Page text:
January 10, 2008

Violent Deaths in Iraq: The Numbers Debate Continues

If you're reading U.S. newspapers, it's tough to find the Iraq and Afghanistan stories for all the articles on the election. There's a lot of silly stuff being said, with this quote perhaps being Abu Muqawama's favorite for today:

"There is less certainty now about who the Republican front-runner is now than there was a year ago," Republican pollster Neil Newhouse said of the GOP campaign. "The race is just as wide-open as it was a year ago."

Um, if there's less certainty now, Neil, doesn't that mean the race is even more wide-open than it was a year ago? Just asking.

Anyway, aside from the election coverage, there are two articles from today's Washington Post worth highlighting. The first is an article on a new study of violent deaths in Iraq that alleges the death count is lower than previously thought and much lower than the ridiculous Johns Hopkins/Lancet study we alluded to in a post a few days ago.

A new survey estimates that 151,000 Iraqis died from violence in the three years following the U.S.-led invasion of the country. Roughly 9 out of 10 of those deaths were a consequence of U.S. military operations, insurgent attacks and sectarian warfare.

The survey, conducted by the Iraqi government and the World Health Organization, also found a 60 percent increase in nonviolent deaths -- from such causes as childhood infections and kidney failure -- during the period. The results, which will be published in the New England Journal of Medicine at the end of the month, are the latest of several widely divergent and controversial estimates of mortality attributed to the Iraq war.

The three-year toll of violent deaths calculated in the survey is one-quarter the size of that found in a smaller survey by Iraqi and Johns Hopkins University researchers published in the journal Lancet in 2006.

(Read the rest of the article here.)

The same friend of Abu Muqawama who called attention to the National Journal article on the Lancet study has also been kind enough to pass along the IFHS/WHO study in .pdf form, though Abu Muqawama has not yet read it. Abu Muqawama's friend writes:

The study covers the exact same period as the second Johns Hopkins/Lancet study (i.e., through June 2006). The IFHS/WHO study took several steps to adjust for possible undercounting and ultimately found 151,000 excess violent deaths for this period -- a truly horrific number, albeit four times lower than the Lancet. The survey sample size is considerably bigger than the Lancet study and the geographic distribution and trends related to violent deaths generally conform to other non-Lancet estimates.
Although the IFHS/WHO study states that its numbers are three times higher than estimates provided by Iraq Body Count (IBC), the actual difference is closer to two. Like the Lancet, the violent deaths recorded in the IFHS/WHO study do not distinguish between civilians/noncombatants and combatants. The IBC total, which includes only civilians/noncombatants, through June 2006 (the period of both the IFHS/WHO and Lancet studies) was 48,000. However, estimates of combatant fatalities (including estimates of Iraqi army killed during the invasion from the Project on Defense Alternatives, insurgents deaths reported by the U.S. military, and ISF deaths since the end of the invasion reported in the Brookings Iraq Index) for the same period total 26,000. Thus, IBC + combatant deaths = 74,000. If we assume similar ratios in the IFHS/WHO study, that would suggest about 98,000 civilian deaths through June 2006, suggesting that IBC is only catching about half the civilian deaths.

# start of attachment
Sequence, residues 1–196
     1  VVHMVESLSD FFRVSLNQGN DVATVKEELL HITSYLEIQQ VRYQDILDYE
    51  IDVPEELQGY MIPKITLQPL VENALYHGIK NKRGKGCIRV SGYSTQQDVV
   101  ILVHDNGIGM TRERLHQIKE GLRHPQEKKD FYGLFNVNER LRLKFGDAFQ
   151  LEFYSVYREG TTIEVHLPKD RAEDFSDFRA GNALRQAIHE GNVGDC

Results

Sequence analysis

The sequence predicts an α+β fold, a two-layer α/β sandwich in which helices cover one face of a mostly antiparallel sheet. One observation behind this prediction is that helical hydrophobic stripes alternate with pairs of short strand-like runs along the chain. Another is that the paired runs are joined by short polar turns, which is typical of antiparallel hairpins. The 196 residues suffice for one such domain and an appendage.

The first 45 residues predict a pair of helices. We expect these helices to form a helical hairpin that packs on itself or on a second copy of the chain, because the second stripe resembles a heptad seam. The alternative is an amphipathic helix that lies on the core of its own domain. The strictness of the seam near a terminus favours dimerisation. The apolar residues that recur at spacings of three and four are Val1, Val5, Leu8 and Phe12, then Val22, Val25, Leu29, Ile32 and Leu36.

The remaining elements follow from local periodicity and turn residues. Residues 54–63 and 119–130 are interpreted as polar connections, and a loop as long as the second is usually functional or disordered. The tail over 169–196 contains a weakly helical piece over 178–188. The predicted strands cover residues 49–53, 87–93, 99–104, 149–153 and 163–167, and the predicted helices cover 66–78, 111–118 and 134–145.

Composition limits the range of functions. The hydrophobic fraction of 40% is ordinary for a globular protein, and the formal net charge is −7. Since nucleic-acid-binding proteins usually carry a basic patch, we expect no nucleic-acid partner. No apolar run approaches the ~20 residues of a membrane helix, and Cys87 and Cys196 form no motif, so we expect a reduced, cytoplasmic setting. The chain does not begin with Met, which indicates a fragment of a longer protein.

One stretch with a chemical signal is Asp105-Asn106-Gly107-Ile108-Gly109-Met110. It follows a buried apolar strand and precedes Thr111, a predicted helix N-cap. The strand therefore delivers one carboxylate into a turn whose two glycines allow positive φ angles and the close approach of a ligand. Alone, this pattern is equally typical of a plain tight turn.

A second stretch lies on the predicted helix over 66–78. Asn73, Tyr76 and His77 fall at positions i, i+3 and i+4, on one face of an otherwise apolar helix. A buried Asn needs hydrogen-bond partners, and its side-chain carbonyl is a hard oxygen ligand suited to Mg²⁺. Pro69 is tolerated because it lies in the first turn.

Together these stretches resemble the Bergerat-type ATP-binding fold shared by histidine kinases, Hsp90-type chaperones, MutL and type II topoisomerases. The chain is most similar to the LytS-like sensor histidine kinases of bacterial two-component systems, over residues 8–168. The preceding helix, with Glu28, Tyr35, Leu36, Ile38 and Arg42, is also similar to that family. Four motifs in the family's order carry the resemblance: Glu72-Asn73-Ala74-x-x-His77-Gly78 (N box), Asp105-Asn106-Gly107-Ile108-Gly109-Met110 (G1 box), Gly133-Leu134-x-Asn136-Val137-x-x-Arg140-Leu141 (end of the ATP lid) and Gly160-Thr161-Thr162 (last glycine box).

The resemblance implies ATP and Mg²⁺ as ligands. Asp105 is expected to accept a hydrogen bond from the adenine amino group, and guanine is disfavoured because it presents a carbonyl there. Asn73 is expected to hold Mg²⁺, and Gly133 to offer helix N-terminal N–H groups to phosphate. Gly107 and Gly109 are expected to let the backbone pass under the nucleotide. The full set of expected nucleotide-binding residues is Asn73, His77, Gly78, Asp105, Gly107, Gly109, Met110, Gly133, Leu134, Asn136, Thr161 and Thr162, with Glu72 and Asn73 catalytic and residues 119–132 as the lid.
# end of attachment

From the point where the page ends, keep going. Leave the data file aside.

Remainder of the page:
Look, the reason why the Lancet study was so ridiculous is that you don't need to exaggerate the numbers of violent deaths in Iraq for the whole mess to be a tragedy. It's bad enough even when you don't fudge the numbers, folks.

The second article, by the way, is the one by Tom Ricks and Karen De Young on finding Iraqi solutions for Iraq's ills:

From Gen. David H. Petraeus and Ambassador Ryan C. Crocker to Army privates and aid workers, officials are expressing their willingness to stand back and help Iraqis develop their own answers. "We try to come up with Iraqi solutions for Iraqi problems," said Stephen Fakan, the leader of a provincial reconstruction team with U.S. troops in Fallujah.

In many cases -- particularly on the political front -- Iraqi solutions bear little resemblance to the ambitious goals for 2007 that Bush laid out in his speech to the nation last Jan. 10.


For some observers, the approach indicates a new realism in Washington, a recognition that long years of grandiose plans drawn from U.S. templates have not worked in Iraq. But others charge that the phrase "Iraqi solutions" implies a cynical U.S. willingness to turn a blind eye to sectarianism, political violence and a wealth of papered-over problems -- if that is the price of getting the United States out of Iraq.

"The new phrasing is both the dawning of reality, and the cynical use of language and common sense to camouflage past errors, hoping to avoid the audit of flawed logic that got us to this point," said a retired British general familiar with the U.S. experience in Iraq, and who asked not to be named because of the sensitivity of his current position.

Update: You can now read the full IFHS/WHO report online. (Thanks, CK)

Update II: Bob Bateman's take.